It all depends on what
you read. Now, I know that to U.S. people this will sound classist
, but there is
a lot of undiluted crap
in libraries and bookshops.
Even if I would very much like to, I will not inflict my reading tastes on y'all - but I agree that it is certainly a very stupid thing to praise reading in itself. On the other hand, praising reading of "good stuff" would lead instantly to political incorrectness, because then you would have to define what the good stuff is: and out comes the Western Canon, Dead White Males, crash * boom * political death. Hence the very bland "books are good for you" campaigns.
On the other hand, I don't buy the argument that the natural environment is such a wonderful thing. First of all, nature does not give a damn whether we are alive and happy or carrion. Secondly, what distances us from our natural environment is a lot of what makes us humans: art, trade and, generally speaking, civilization. Lastly, what would be man's natural environment ? Living butt-naked in the veldt, being occasionally eaten by jaguars and waiting for the big black monolith ? Or something more idyllic ?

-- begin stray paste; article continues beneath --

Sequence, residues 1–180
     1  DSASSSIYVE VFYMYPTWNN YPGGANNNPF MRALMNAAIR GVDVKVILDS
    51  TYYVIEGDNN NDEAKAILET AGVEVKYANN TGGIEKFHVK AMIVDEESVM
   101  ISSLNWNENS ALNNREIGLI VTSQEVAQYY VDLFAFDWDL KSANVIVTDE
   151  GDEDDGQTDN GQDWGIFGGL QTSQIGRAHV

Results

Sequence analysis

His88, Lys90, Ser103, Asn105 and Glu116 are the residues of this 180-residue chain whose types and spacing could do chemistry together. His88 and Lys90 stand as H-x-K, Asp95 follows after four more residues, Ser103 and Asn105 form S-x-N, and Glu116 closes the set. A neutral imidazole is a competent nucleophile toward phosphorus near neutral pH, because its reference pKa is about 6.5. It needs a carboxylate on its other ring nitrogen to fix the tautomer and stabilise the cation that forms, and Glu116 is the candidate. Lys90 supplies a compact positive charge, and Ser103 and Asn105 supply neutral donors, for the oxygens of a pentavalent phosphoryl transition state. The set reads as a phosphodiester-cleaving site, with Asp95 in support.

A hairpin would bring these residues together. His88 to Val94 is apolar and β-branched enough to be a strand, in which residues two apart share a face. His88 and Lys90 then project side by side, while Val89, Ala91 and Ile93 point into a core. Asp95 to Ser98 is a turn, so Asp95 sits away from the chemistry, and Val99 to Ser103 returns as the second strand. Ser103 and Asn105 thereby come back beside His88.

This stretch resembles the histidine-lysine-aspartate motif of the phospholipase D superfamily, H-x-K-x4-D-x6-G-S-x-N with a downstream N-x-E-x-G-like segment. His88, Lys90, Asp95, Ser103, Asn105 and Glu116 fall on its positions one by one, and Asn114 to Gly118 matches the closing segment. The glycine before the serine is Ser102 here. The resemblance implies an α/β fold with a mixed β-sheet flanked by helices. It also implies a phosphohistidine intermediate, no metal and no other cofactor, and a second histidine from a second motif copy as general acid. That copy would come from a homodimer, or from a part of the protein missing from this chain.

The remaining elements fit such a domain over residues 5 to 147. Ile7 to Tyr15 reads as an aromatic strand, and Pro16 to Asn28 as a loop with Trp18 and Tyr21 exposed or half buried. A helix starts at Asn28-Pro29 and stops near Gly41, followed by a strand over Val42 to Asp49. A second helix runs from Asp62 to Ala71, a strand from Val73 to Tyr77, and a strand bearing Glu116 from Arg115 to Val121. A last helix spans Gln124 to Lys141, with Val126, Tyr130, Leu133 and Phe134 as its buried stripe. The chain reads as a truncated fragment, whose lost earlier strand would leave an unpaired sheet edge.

True life experience is always mediated by your previous experiences and prejudices: the only viewpoint without prejudice, said Ortega y Gasset about art criticism, is the orangutan's. Those prejudices will get into your head no matter what, because from our earliest years our parents, our neighbours, our friends tell us things and opinions. Some of them we make our own. Reading lets us hear (although through a narrow band medium) different voices from faraway lands and times.
Will a walk in the woods expose you to the viewpoint of a Nigerian ? Of an Italian from the Renaissance times ? Of a Russian anarchist ? Will you meet Leon Trotzky in those lovely National Forests ? Or will it be just more people like you ?
Don't get me wrong here, I like walking in the woods (and hiking and camping ...) and to me it is wonderfully relaxing and pleasant. But, to me it is escapism (a benign kind of). It abstracts me from my fellow men, which is a very good thing for a while. But I understand nothing more: Mother Nature is quite dumb, particularly for someone not given to sudden Pantheistic moments of extasis.
In this sense, there may be some sense in the generic lauding of reading: since books (and generally speaking, printed material) is cheaper to make than television productions, there is a better chance that it will expose the reader to something that may, for lack of a better expression, broaden his mind.
By the way, the idea that contact with nature improves the human being is (surprise, surprise !) a literary one itself: Ralph Waldo Emerson, and the Romanticism movement are largely responsible for it.